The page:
The Horry County Planning Commission has been asked to consider a request to rezone nearly 172 acres of the River Oaks Golf Club in Myrtle Beach, S.C. to allow construction of a 505-unit single-family home development. David Schwerd, Chief Operating Officer at Diamond Shores LLC, says the development plan, if approved for rezoning, would “create less infrastructure for the county to maintain in the future and provide more open space.”
A River Oaks Golf Club (Myrtle Beach, S.C.) official unveiled more development plans for a rezoning request that could turn 171.77 acres of the golf course into 505 single-family homes at an Horry County planning workshop last week, The Sun News reported.
The rezoning request, originally put on this week’s planning commission meeting on Sept. 1, was deferred and will likely not go up to vote until October, The Sun News reported. David Schwerd, chief operating officer at Diamond Shores LLC, said the reason for the deferral was “so that we can continue to receive community input, because we do plan on moving forward with the development.”
Schwerd also told The Sun News that the development plan, if approved for rezoning, would “create less infrastructure for the county to maintain in the future and provide more open space.” The development plans show a 100% increase in open spaces, sidewalks and community gardens. Schwerd said that developers knew stormwater would be a huge public concern. According to him, buffers along all stormwater ditches are provided in the plan, as well as many fairways being left untouched.
“We sat down with stormwater and engineering and planning and tried to develop a plan that would increase the amount of stormwater easements that are out there so that the county can maintain the system,” Schwerd said. Included in the plan is an agreement to fix one private road, Intracoastal Way, which is currently not up to county standards. County Council member Dennis DiSabato, whose district includes the golf course, told The Sun News that the road has a huge number of potholes which has caused a lot of problems for people in the area. DiSabato said that the fixing of the road would be “one benefit” of the plan.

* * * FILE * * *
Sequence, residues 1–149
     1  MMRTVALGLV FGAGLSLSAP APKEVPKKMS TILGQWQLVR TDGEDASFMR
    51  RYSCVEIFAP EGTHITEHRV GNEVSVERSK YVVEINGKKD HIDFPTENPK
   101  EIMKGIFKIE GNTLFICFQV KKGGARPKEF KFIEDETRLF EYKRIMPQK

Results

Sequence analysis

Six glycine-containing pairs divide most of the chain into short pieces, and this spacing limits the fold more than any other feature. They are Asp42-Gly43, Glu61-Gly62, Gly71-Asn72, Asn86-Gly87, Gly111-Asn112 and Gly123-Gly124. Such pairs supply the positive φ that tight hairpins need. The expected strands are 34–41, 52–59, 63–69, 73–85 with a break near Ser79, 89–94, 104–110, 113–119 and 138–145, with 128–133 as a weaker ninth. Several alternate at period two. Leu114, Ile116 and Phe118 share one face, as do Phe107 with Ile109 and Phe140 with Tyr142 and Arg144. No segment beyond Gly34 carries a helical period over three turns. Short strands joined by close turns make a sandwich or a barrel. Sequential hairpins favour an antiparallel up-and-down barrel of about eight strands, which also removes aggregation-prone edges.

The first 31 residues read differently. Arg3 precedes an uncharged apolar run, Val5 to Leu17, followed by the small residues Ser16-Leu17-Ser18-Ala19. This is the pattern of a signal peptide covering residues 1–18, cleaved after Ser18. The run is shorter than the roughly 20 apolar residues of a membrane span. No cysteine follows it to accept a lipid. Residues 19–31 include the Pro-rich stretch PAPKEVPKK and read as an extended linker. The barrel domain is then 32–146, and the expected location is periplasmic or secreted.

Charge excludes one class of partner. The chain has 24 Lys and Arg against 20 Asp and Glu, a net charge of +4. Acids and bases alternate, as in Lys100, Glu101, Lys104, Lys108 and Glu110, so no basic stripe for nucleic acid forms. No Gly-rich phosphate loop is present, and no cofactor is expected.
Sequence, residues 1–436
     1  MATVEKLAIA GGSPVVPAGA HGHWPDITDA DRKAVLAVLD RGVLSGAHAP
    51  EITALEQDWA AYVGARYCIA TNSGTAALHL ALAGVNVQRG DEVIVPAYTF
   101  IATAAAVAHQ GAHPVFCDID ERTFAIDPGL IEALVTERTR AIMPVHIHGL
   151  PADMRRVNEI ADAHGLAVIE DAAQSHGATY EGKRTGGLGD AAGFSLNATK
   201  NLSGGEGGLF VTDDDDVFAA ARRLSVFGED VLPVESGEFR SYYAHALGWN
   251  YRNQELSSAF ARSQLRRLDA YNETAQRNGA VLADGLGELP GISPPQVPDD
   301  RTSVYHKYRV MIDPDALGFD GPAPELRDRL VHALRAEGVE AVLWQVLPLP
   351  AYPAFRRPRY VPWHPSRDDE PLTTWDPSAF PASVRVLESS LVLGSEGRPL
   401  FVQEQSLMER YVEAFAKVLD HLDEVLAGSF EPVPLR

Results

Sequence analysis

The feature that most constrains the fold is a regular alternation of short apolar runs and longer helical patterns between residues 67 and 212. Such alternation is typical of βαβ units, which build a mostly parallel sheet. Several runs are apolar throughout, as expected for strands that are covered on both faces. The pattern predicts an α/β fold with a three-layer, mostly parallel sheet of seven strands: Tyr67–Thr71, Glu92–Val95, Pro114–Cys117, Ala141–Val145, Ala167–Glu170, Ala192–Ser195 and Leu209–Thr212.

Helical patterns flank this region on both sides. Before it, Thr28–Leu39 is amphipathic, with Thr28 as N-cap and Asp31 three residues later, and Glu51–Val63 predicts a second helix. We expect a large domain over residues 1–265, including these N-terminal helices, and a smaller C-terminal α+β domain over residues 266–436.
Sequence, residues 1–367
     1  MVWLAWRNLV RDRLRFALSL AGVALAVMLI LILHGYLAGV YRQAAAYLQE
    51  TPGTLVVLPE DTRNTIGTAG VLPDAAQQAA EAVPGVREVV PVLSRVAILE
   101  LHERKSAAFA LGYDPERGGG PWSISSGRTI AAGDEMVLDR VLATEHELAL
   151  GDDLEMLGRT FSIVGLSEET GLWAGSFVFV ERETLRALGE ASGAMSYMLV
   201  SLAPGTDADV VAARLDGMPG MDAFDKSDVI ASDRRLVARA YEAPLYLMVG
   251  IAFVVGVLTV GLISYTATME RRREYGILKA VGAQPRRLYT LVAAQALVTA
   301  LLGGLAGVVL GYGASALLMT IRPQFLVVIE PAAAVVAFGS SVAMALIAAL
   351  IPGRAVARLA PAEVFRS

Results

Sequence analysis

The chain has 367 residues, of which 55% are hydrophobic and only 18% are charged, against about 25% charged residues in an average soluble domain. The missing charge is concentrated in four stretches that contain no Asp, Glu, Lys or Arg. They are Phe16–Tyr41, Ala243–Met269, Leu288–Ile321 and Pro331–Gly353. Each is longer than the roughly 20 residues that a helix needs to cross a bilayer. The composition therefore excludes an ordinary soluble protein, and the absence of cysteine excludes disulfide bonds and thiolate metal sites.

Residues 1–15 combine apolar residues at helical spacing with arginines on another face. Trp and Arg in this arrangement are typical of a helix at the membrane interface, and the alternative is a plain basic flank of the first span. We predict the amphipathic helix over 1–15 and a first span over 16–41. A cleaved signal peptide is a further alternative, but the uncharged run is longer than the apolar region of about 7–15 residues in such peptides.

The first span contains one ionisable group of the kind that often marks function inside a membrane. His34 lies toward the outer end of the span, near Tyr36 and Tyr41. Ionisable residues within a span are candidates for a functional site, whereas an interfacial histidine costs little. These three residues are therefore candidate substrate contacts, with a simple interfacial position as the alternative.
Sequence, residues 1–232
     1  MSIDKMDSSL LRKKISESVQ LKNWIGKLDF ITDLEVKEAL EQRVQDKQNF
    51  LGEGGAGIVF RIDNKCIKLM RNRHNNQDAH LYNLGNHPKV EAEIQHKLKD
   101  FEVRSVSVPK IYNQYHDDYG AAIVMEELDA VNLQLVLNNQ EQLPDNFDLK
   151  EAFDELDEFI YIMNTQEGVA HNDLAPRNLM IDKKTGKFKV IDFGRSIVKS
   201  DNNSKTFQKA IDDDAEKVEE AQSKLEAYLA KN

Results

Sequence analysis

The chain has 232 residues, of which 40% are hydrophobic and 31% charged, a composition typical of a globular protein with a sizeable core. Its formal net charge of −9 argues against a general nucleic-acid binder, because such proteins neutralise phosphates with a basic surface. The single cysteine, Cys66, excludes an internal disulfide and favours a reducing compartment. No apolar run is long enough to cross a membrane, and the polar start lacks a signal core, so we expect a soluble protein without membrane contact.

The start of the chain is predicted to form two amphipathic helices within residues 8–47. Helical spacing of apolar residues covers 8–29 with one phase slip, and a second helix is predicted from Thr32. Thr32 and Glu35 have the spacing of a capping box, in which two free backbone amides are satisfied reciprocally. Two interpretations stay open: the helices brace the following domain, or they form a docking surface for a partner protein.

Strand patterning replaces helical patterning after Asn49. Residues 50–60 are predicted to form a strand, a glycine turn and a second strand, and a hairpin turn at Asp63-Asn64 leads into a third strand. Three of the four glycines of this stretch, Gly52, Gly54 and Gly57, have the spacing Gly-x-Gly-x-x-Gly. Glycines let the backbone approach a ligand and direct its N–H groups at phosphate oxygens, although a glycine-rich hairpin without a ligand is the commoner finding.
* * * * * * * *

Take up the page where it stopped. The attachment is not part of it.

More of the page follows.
“I don’t love the idea of the golf course closing,” DiSabato said. He added that he would vote in a way that reflected his constituents.
With the River Oaks Golf Course’s current zoning as a single-family residential district, developers could build at least 500 or so lots without a rezoning request or public input, Schwerd told The Sun News. One resident, Melissa Joos, bought a condo in River Oaks last October. Joos said she had a variety of concerns about redevelopment, one of which is the loss of the scenery, a primary reason for buying the condo in the first place.
“It was like a bait and switch kind of deal. I thought I was gonna have a golf course view,” Joos said to The Sun News.
She also had concerns about the how many people would be coming to the area. “Schools are over capacity, and kids are going to school in trailers. There’s no development. There’s no infrastructure here.”
While residents interested in the redevelopment should not plan on coming to the Sept. 1 meeting, there will be a community meeting later in September to address any public concerns, The Sun News reported. The Carolina Forest Civic Association announced a community meeting to discuss the rezoning before its regularly scheduled time at 5 p.m. on Sept. 21. According to the association, officials from Diamond Shores LLC, the developer, and Horry County Planning will be in attendance.